- Drop Dead Studios published the Spheres of Power system. They have a similar Spheres of Might system for martial characters.
- Radiant House published an updated binding system from 3.x for Pathfinder.
- Pathfinder second edition follows the same model as Pathfinder first edition, but consolidates the spell lists into a much smaller set, and can have options with different spell lists (most sorcerers are arcane casters, but certain bloodlines might be divine or occult).
Other game systems have some entirely different mechanics.
- Hero System has a very versatile power construction system that can model pretty much anything I can think of. A campaign can have a static list of spells like D&D has, but each spell could as easily be unique.
- AGE System has several approaches to spell casting. All include skill checks (which can result in spell stunts) and spell cost magic points when cast.
- Fantasy Age grants spell knowledge via talents (each degree in a magic talent grants knowledge of one or two spells).
- Dragon Age grants spell knowledge as a class feature (mages start with knowledge of three spells and gain a new spell every other level) or via talents.
- GURPS is somewhat similar to Hero System in principle, but mechanical details differ (i.e. you can design your own spells, but the rules for doing so are different).
- Basic Action Super Heroes (BASH), like Hero, has power construction rules that can be used for powers defined as ‘spells’. It’s not as precise and I’m not sure it’s as flexible or powerful, but I like how much simpler it is.
- Ars Magica has a spell construction system based around technique (action being performed) and form (target affected), such as ‘creo aquam’ (create water) or ‘muto terram’ (alter earth). An individual spell may have multiple techniques and forms, and may have other modifiers to expand range, duration, and so on.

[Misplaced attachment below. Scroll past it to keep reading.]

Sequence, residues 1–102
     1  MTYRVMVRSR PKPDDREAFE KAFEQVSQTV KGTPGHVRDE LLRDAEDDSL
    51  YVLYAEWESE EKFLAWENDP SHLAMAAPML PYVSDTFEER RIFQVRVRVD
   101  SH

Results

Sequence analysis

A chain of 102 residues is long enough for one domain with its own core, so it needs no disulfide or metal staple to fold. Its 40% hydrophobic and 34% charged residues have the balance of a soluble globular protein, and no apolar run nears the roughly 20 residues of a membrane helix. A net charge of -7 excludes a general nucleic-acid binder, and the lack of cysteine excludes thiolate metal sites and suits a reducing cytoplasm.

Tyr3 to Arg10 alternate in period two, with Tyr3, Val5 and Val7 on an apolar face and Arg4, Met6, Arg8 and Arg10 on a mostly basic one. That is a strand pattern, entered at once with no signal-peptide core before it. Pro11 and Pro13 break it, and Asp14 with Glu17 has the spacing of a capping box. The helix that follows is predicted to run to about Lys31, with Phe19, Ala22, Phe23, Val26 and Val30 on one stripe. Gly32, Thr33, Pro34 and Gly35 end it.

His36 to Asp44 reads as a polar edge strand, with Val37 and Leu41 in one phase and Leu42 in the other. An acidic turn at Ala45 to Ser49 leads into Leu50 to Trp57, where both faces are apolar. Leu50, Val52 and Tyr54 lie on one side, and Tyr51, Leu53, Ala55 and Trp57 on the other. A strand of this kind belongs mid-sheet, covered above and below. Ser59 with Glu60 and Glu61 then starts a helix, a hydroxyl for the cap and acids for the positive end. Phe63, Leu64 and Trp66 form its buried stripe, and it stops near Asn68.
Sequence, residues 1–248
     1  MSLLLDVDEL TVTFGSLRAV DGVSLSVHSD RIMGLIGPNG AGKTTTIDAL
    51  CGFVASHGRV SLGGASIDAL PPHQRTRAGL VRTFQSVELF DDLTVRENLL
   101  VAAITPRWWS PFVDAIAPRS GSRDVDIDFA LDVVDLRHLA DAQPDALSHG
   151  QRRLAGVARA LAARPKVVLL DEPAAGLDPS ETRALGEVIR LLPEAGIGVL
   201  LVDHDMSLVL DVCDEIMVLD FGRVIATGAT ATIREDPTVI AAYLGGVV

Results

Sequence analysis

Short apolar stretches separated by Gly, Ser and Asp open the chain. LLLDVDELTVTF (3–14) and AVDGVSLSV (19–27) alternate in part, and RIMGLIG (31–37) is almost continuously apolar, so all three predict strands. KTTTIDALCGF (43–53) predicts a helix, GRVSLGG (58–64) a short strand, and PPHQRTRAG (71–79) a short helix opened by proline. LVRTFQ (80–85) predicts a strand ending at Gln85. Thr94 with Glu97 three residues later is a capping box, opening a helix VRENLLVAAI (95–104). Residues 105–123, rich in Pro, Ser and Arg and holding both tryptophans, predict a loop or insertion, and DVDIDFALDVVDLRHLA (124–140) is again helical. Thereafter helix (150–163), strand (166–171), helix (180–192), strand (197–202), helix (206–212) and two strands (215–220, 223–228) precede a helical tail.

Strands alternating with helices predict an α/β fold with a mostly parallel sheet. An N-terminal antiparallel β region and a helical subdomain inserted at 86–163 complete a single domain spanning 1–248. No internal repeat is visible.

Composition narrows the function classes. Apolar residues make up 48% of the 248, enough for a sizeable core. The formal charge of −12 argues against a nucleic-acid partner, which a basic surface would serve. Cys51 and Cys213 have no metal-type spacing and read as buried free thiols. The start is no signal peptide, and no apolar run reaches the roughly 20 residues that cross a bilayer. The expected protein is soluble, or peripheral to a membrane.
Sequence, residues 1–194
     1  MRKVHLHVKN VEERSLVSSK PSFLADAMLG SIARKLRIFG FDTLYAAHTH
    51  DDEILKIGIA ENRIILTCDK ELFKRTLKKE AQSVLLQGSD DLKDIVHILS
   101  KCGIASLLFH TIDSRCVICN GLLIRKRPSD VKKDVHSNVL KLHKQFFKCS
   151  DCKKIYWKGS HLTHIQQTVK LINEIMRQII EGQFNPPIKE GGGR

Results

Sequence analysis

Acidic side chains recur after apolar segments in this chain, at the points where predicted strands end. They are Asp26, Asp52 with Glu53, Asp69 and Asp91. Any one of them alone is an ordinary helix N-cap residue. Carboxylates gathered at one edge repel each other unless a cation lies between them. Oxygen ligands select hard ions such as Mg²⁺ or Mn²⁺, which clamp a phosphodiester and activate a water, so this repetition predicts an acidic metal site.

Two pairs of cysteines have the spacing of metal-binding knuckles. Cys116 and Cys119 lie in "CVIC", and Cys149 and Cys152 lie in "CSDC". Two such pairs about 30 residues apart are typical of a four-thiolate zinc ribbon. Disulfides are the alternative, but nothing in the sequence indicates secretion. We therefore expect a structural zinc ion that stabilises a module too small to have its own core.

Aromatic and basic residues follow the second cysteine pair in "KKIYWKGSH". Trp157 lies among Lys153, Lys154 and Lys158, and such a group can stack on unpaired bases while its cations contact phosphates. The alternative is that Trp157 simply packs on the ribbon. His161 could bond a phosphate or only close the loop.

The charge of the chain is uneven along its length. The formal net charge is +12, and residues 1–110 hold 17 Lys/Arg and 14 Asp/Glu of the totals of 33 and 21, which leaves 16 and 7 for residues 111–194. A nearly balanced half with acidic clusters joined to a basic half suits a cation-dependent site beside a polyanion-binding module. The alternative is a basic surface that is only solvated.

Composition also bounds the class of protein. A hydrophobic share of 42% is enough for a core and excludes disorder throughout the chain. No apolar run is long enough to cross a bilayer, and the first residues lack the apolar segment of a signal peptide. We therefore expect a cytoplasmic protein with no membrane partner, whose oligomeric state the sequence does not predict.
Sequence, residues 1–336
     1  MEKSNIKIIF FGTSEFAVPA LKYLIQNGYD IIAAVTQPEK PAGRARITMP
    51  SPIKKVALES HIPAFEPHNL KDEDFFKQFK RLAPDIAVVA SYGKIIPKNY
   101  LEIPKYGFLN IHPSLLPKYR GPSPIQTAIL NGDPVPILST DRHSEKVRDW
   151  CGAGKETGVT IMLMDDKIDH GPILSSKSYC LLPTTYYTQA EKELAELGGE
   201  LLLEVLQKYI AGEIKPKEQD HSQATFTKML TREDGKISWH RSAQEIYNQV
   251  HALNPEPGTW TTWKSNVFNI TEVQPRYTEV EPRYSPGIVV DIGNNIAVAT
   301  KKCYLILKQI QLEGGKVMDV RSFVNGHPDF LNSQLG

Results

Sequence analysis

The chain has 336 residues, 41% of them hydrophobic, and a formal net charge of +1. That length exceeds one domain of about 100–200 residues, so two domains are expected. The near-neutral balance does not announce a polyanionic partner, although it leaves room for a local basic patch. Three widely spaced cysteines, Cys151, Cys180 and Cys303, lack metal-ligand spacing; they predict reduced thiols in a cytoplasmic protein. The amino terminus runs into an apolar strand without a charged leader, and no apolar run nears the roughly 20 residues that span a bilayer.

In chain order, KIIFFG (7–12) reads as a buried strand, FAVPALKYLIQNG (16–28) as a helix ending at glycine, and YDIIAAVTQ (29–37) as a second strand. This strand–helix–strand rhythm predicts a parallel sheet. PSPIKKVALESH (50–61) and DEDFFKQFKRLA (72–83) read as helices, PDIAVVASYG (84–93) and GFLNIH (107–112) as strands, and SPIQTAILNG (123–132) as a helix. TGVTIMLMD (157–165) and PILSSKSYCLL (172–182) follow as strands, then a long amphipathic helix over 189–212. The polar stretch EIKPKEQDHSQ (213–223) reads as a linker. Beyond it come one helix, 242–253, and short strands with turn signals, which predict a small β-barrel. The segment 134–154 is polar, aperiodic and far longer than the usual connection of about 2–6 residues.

There are of course others, but I’m not trying to do a full survey here.
I’m leaning toward adapting the Elements of Magic system, with several additions and changes.
- Expand power modifiers. I’d like to have more options available for powers, but even more for developing magical traditions.
- Add the psychic components from Pathfinder Occult Adventures, plus several others from Spheres of Power and other third-party sources.
- Incorporate modifiers (advantages, limitations, and adders) from Hero System and BASH.
I chose Elements of Magic as my base because I don’t think spell slots will be a practical mechanic, and I feel that I’ll be able to get more mileage from a power construction system than from static spells. After all, spell construction can be applied to define static spells, so I can build my inventory as I go.
Elements of Magic provides a power framework that feels quite similar to Ars Magica in how the powers are constructed. It is closer to Hero System power construction than the Pathfinder words of power rules, is more succinct than Hero System power rules, and is open gaming content (which BASH is not).